One Year Later: Our Magical Journey With Snoopy The Wonder Beagle

Today marks the one-year anniversary of our beloved senior wonder beagle, Snoopy, crossing the rainbow bridge. I wrote this post after taking time to process the amazing gift that was the Snoop.

Snoopy the wonder beagle in 2020
Now that’s a movie star smile

I’m sharing it again in his memory and to underscore that this is not a “sad” story. We would take this journey again in a heartbeat, and Michael & I both urge folks to please consider rescuing senior dogs. Snoopy was an amazing, joyful adventure I wouldn’t trade for anything.

It was the magic of Snoopy that led us some weeks later to rescue mama Scarlett and her then-10-week-old pup, Brody.

At Christmas time, I made this video for Michael celebrating the Snoop. I love that we have all these clips of Snoopy in one place to enjoy. Hit play and you’ll get a sense of the 14-year-old furball of doggie delight.

Michael and I are very sad to share that Snoopy the wonder beagle crossed the rainbow bridge last Sunday, October 4, 2020.

Shortly after he adopted us, we noticed he had a recurring cough and had trouble relieving himself. We hoped it was just a change in homes and food, but within a week it was confirmed that he had advanced prostate cancer and it had spread to his lungs.

We were given options for treatment from just anti-inflammatories to help him be comfortable (but not address the growing tumor and nodules in his lungs) to IV chemotherapy. We knew Snoopy’s quality of life – especially at 14 and a half years old – was most important.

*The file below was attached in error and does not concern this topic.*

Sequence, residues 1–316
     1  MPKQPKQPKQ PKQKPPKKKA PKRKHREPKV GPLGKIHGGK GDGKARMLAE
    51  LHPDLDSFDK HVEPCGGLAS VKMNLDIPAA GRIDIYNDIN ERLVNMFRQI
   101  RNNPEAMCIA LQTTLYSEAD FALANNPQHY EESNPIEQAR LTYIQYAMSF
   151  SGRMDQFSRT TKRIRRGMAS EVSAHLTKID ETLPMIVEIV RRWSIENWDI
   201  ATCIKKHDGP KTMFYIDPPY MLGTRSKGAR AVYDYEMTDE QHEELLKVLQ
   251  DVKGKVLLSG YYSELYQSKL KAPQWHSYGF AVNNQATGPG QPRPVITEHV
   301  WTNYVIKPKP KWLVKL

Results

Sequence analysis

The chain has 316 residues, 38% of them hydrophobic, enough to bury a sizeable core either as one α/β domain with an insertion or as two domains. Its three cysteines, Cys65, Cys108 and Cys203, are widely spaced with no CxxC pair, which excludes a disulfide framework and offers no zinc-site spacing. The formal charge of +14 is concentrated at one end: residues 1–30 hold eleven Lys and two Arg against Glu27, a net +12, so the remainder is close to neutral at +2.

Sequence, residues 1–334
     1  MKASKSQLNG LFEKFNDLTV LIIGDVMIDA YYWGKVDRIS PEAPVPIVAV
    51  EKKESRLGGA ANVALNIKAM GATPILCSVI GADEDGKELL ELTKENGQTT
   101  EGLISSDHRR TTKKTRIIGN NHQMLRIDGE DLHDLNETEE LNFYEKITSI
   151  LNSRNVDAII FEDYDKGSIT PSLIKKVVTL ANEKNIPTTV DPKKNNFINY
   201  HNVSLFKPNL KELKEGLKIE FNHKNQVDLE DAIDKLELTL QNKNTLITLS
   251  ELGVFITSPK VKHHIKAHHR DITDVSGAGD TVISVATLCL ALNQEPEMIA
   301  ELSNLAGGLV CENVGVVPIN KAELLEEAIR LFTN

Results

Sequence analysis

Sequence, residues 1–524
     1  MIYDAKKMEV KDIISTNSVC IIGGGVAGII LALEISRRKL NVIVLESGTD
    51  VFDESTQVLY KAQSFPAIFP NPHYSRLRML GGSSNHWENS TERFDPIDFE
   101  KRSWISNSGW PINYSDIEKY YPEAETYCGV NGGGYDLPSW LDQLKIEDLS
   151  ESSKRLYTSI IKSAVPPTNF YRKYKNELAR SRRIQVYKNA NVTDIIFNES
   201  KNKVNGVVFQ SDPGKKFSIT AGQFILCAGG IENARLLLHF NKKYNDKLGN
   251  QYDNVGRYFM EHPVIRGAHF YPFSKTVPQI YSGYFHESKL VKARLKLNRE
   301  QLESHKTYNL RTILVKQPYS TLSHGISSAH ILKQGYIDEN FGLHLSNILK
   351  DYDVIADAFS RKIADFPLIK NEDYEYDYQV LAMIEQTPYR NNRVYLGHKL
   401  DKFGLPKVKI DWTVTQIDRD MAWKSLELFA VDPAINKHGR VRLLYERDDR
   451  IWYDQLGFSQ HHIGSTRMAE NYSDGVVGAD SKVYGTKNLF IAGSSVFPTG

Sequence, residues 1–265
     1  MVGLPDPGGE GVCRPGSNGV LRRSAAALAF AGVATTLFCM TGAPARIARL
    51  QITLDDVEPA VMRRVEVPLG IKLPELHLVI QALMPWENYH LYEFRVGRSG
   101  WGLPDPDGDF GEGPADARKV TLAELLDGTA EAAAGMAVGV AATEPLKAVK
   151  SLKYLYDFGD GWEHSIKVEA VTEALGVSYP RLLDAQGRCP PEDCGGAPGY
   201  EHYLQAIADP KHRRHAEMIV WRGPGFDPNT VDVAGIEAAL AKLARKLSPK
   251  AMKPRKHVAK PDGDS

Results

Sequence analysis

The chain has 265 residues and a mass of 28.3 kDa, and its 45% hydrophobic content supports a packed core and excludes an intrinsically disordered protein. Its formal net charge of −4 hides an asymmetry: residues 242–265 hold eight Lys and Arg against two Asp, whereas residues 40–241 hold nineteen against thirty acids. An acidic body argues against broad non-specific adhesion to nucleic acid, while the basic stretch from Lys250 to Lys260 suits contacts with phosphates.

The first night Snoopy was with us he jumped on the bed and made himself comfortable

We decided to try two rounds of chemo and then re-check to see how he was doing. He also took the anti-inflammatory, plus medicinal herbs and CBD which seemed to really help him.

Long story short, he did well for months, but then last week his appetite declined. Snoopy was a voracious eater (a true hound) especially the home-cooked meals Michael would make for him every week. Over the week, he began to decline, and then on Friday, he stopped eating. By last Sunday, he’d decided and we knew we had to be the adults and help him pass peacefully.

We never shared his diagnosis publicly because he was doing well for months. So many of our friends celebrated him and his awesome, joyful spirit, and we didn’t want people to think of him as the ‘cancer dog.’

We want everyone to remember him for the spunky, effervescent soul that he was and always will be in our hearts.

Michael and Snoopy playing in the living room
This pretty much speaks for itself 🙂

When we first came across Snoopy’s story – that his family had surrendered him at 14 1/2 years old – we saw the spirit in his oh-so-handsome face and knew we had to make his senior years as wonderful as we could.

We had just lost Bear, the last of our ‘dachshund dynasty’, and missed dog energy in our house. We never expected to be found by this very special soul.

Some folks think we rescued Snoopy, but we’re certain that it was he that rescued us.

We are heartbroken, but we don’t regret bringing a senior rescue into our family. If we hadn’t, we’d have missed one of the best chapters of our lives.

Our time with him was too short – just three months – but this little man definitely changed us for good.

Las Vegas photographer Denise Truscello snapped this of me and the Snoop
This was taken the day Snoopy adopted us

We celebrate Snoopy and his awesome spirit.

My final words – please consider an adult or senior rescue for your next furry family addition. Our time with Snoopy was magical and rich, and we feel blessed to have had this awesome adventure.

Snoopy went wherever Michael went…
This is how Snoopy will remain in my heart – smiling and standing strong
Snoop was very good during car rides #DrivingMrSnoopy
Me and the Snoop out on the road